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Salespeople Bill of Rights

What if I told you salespeople are free to chart their own course, to be the salesperson they want to be? There are 10 freedoms you need to be aware of in the Salespeople Bill of Rights. As a small business, how you handle sales drives whether you win or lose in business. If you’re a salesperson yourself or you have a sales team on staff, this Bill of Rights will help your sales team choose the pace and persona of your business and position your company for success.

Author: Bryan Lefelhoc

Updated: July 13, 2017

It’s Independence Day as I write this article, but what I’m talking about is timeless. It’s as relevant today as it was in 1776, and before that, as long as people have practiced the art of persuasion.

Salespeople are free to chart their own course, to be the salesperson they want to be.

You see, freedom is about choice. In fact, freedom is nothing without choice. In sales, there are always choices to make. And as with any “right,” such as the right to bear arms or freedom of speech…there isn’t always a clear path…no clear mandate or right/wrong answer. You are free to choose!

But choose wisely, because your choices will define you. 

There are ten freedoms you need to be aware of in the Salespeople Bill of Rights. As a small business, how you handle sales drives whether you win or lose in business. If you’re a salesperson yourself or you have a sales team on staff, this Bill of Rights will help your sales team choose the pace and persona of your business and position your company for success.

Today we’re talking about the first three freedoms in the Salespeople Bill of Rights, important crossroads you will come to when it comes to the art of selling.

1. You Have the Right to Set Expectations, High or Low:

It’s imperative not only that you set the bar, but that you are able to deliver. Setting the bar low is easier, is probably less expensive, and often delivers more traffic. McDonald’s sets the bar low and delivers to expectation every time…EVERY TIME! If you choose to set the bar high, it’s going to take more work, more follow-up, more attention to detail, more risk of failure. When you set the bar high, you’ll also charge more and typically be better compensated in the bargain. I find that setting the bar high is far more rewarding on every measure…but you and your company have got to be up to the challenge. Make promises and then keep them, no matter what the promise.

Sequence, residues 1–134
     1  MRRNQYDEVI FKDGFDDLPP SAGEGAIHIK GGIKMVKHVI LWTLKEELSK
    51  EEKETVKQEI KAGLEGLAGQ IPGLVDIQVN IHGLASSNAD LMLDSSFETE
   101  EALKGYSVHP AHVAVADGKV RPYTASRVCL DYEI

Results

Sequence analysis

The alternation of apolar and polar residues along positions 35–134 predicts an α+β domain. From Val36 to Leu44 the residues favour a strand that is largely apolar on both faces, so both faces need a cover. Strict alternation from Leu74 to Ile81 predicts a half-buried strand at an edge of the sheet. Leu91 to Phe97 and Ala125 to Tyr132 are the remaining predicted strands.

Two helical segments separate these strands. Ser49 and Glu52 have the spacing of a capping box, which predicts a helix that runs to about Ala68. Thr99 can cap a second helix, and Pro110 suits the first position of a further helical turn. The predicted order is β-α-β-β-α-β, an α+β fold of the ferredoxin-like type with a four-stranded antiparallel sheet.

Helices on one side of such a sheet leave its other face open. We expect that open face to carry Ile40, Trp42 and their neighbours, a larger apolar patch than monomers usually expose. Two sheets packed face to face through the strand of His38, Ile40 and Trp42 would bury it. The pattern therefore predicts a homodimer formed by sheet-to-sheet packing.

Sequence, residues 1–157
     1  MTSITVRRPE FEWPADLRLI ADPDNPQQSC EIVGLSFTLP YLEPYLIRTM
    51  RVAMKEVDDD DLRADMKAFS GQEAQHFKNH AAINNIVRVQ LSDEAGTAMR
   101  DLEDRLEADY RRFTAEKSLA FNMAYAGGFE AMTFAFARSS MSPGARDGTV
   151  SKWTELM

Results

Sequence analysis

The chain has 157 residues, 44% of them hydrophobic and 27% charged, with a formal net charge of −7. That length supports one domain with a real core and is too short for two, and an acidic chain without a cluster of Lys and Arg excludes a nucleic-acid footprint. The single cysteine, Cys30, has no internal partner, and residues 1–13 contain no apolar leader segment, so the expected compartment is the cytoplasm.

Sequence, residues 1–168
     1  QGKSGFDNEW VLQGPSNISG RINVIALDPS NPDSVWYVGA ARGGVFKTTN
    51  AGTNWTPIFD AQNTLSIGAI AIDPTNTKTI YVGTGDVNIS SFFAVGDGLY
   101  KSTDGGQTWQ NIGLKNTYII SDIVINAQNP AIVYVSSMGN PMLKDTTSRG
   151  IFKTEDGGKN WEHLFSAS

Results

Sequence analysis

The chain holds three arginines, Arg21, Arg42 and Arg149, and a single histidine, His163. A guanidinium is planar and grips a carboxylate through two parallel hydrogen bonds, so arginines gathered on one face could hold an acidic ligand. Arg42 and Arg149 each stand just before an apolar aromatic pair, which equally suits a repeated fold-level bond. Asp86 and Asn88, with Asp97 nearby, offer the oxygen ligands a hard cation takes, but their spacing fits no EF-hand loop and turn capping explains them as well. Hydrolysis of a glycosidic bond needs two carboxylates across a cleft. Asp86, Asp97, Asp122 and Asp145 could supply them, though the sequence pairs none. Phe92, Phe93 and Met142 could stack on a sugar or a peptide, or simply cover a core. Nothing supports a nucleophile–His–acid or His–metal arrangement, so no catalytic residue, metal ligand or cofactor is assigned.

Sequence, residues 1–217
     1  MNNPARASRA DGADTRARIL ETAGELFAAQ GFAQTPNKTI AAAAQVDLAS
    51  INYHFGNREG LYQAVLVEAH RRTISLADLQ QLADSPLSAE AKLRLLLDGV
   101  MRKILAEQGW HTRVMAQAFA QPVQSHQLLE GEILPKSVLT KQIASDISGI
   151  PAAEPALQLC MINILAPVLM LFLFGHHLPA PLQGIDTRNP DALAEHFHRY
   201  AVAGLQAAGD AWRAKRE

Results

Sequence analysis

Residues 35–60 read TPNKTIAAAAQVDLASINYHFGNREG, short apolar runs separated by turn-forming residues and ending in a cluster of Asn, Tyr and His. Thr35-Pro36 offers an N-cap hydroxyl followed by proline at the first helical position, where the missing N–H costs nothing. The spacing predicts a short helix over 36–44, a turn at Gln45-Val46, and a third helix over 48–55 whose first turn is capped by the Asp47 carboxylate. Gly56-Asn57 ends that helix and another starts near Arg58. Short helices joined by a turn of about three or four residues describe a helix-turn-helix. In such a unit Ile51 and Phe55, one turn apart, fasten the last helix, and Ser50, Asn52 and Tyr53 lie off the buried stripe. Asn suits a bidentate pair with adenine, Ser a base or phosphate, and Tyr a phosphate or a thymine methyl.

2. You Have the Right to Deal with Problems, Now or Later: 

So, when meeting the bar, you’re going to have issues. It’s your job to deal with them, and you have a choice…now, or later. I know I prefer to deal with an issue now. But bringing up a potential problem that might not even surface later on is risky and kind of scary. You might choose instead to deal with a problem when it comes up, trusting that you’ll get past whatever it is when that time comes. Whichever you choose, just remember that you MUST deal with issues. You aren’t free to ignore a problem if you want to be in sales for long.

3. You Have the Right to Decline the Deal:

This is one of the most unenforced “rights” a salesperson has, yet one of the most crucial.  Quotas are high, and demands for new business never stop, so salespeople feel like they MUST close every sale. But some sales aren’t a Win/Win. Maybe margin is too low, or the customer isn’t a good fit, or the project isn’t perfectly aligned with the company’s vision or process… it could be any number of things. In fact, there are probably more reasons to not accept a deal than to accept one! You should feel free to look a customer in the eye and say, “Thank you, but we choose not to work with you on this project, and here is why.” If you don’t have the freedom to make this decision in your workplace, you may need to move.

You are free to be the kind of salesperson you want to be. The Salespeople Bill of Rights will help you do just that. Seven more to come!

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